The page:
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12:07pm 10-05-2020
Terry Callahan
I was in the 5th Maint Co, '76-'79. I worked on Panzer Kaserne. Lived in Vogelweh housing. Also lived on the economy in K-town and Seigelbach. Was originally in the 43rd Maint Co until it was deactivated and was sent to the 5th.
10:14am 10-05-2020
John De Poe
Radio Repairman, 510th Ord. Co., Gunzburg Germany, 1964/66.
Anybody out there remember me?
3:48pm 09-23-2020
Sp5 Marshall Cabines
Thank you very much for sharing this. I served two tours in Korea between July 1962 and August 1964. I was first stationed near Moonsan-ni, near Camp Casey in the 1st Cavalry Division. I still love that big yellow "black horse" patch!
8:19pm 09-05-2020
Ron Ellars
Company A, 1st BG, 7th Cav South Camp Custer Paju Ri 1960 1961
192nd Ordnance Bn ASCOM Bupyong Dong 1962 to 1964
11:14am 08-25-2020
Irvin Jones
Served in Ordinance Platoon as a 21R(firing Set Repairman) from May 1970 to may 1971.
6:32am 08-21-2020
William Kenney
I served with battery A 2nd Battalion (HAWK) 71st Artillery , 38th Air Defense Artillery Brigade 1967-68 I was there when our batteries were spray with what later called agent orange. I am trying to find 38th personal to be sure they are aware of their rights. A while ago the government started doing C&P exams for the radars. Apparently some medical issues were found to be associated with them. William Kenney 38adakorea@gmail.com
8:19pm 08-19-2020
Tracy wood
Frankie medrano orionsbelt323@outlook.com
8:17pm 08-19-2020
Tracy wood
Frankie medrano if you read this email me (84". 304th Signal bt. Camp colbern,korea
5:26pm 08-14-2020
Johnnie DeWitt
2D BG 4th Cav ,1st Cav Div (Camp Mac Kenzie 62-63j
1st Bn 38th Inf 2d Inf Div ( South Camp Custer )69-70
1st Bn 38th Inf 2d Inf DIV (Camy Hovey ) 78-79
8:33pm 08-10-2020
Scott Dykstra
I was stationed at Camp Ames. I would like to hear from some of you that were stationed there. My phone number is. 606 367 1909
8:09am 07-26-2020
Harry Chambers
William Kenny. I was in HQs Battery 4/76 Artillery a few years after you 1965-1967. We have a group of about 60 guys that were in the 4/76 from 1960 to 1971 when they left Korea. I'm at harryjo@verizon.net
12:07am 07-22-2020
William Kenney
I am looking for maps of Btry A 2nd Battalion (HAWK) 71 air Defense Artillery, 38 air Defense Artillery Brigade on the kimpo pensular.
7:39am 07-13-2020
Tack JE1RXJ
Good morning , I heard you on 14.228MHz on time with jJA1CG?.
Then I call you .But You catched another US station.

So I have to go to Bath this evening . So I hope see you again.
Because Last contact with you on10/20/99 10m SSB.
73 JE1RXJ Tack Takeshi Goto 10X #39968
1:52pm 07-11-2020
Robert Biarnesen
These Pictures Bring Back So Many Memories. I Was With 13th Helicopter in 1959 Located @ Camp Stanley. I Made A Trip Back In 2013 To Visit Uijongbu and The Village Of SongSoni (?). Oh How It Has Changed I Didn't See One Single Moose The Whole Time I was There. I Actually Enjoyed My One year Tour Of Duty.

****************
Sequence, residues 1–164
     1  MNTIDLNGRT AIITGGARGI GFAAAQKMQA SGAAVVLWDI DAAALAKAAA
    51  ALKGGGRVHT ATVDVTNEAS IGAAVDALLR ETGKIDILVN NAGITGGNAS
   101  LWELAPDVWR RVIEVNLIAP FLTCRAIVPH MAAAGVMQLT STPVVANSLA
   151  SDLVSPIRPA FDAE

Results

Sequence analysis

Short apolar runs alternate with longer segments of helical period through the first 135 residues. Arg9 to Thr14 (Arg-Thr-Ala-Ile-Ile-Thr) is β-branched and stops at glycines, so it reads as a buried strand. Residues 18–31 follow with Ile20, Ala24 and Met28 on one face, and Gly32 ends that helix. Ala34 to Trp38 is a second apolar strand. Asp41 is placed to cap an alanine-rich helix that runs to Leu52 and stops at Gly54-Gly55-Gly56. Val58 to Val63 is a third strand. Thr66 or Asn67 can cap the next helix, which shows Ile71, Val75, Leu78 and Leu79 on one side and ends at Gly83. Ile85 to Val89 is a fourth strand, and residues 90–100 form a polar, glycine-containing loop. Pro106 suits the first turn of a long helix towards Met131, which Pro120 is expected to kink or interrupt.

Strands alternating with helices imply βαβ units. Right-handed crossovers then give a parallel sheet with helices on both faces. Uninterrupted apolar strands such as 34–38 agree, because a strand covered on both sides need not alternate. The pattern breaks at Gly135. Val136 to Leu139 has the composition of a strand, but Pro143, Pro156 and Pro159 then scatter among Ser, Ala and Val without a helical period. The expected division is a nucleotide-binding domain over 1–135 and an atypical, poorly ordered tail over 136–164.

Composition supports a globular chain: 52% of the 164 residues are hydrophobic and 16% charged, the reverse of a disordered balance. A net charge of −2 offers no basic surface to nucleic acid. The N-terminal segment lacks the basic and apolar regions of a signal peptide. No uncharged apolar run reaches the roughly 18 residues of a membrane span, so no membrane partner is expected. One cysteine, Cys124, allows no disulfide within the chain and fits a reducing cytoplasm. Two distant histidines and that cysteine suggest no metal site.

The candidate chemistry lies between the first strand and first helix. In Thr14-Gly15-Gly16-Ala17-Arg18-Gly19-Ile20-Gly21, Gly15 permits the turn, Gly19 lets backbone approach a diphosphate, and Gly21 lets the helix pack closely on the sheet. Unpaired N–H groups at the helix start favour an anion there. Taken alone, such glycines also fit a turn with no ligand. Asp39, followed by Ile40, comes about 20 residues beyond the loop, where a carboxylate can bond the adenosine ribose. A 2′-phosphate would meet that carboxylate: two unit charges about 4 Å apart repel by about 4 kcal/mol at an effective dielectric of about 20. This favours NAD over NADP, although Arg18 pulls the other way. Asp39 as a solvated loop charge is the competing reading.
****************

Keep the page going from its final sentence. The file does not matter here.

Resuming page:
2:00pm 07-08-2020
John F. Paster
After I sent my posting, I reviewed over a dozen pages in the guestbook and found no postings from troops stationed in Korea during the 1950s. As I turned 85 yesterday, I realize how many of us old-timers are gone. Many of the photos brought back memories of the 1955-1956 period when Korea was still a destitute war torn country. One of the photos showed the huge granite statues carved from a side of a mountain by Buddist monks well before the Korean War which we referred to as "Papa-san, Mama-san, and Baby-san" that was in close proximity to Camp Howse. As defense platoon members for the 24th ID Headquarters, we passed by this national monument frequently on patrol and were awed by its size and relevance. I also noted some references to weaponry on this website. Unlike state-side basic infantry school, our 9-man squads (there were no women allowed in Korea during my time there) were equipped with 2 to 3 BAR men, a 45-cal. grease gun and 45 Colt side-arm for the squad leader, and 5 guys with M-1 rifles, some riflemen serving as BAR ammo carriers. No one carried M-1 carbines, as they were considered inferior weapons for Korean fighting conditions - dust, mud, too light for close combat and subject to "jamming". As the war proved, it was all about fire power and occasional close combat against the Chinese hoards. Upon my arrival in Korea and for months afterwards, we lived in dirt-floored squad tents. Later, Quonset huts supplies were shipped to Camp Howse and the respective military units had to construct them. The problem: they were huts for tropical conditions - SNAFU. But somehow our guys assembled the huts on a flattened site on the mountainside and scrounged materials far-and-wide to make it suitable for Korean weather conditions. For the entire 16 months I was there, we utilized outhouses and piss-tubes. One did not linger in the outhouse, especially when temps were below zero. But as a member of Headquarters Co., we enjoyed much better conditions than the front-line infantry and artillery units of the 24th at Munsan'ni along the Imjin River.. R & R leaves to Japan was always a welcome trip to civility.
Messages: 1 until 15 of 520.
Number of pages: 35
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